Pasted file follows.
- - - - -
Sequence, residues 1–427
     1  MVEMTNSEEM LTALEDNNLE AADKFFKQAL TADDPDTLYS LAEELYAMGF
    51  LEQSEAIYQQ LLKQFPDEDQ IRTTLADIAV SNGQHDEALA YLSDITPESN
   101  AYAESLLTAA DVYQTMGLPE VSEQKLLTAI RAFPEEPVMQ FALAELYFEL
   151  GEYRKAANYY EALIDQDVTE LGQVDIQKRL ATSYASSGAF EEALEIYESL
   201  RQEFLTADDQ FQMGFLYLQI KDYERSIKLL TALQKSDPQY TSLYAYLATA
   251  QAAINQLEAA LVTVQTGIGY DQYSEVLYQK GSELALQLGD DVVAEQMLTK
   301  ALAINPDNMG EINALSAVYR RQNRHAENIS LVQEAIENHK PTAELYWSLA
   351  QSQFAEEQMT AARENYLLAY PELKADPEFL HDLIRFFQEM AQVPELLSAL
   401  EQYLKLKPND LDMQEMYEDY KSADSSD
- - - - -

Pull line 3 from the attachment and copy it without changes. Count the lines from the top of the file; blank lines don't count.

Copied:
    51  LEQSEAIYQQ LLKQFPDEDQ IRTTLADIAV SNGQHDEALA YLSDITPESN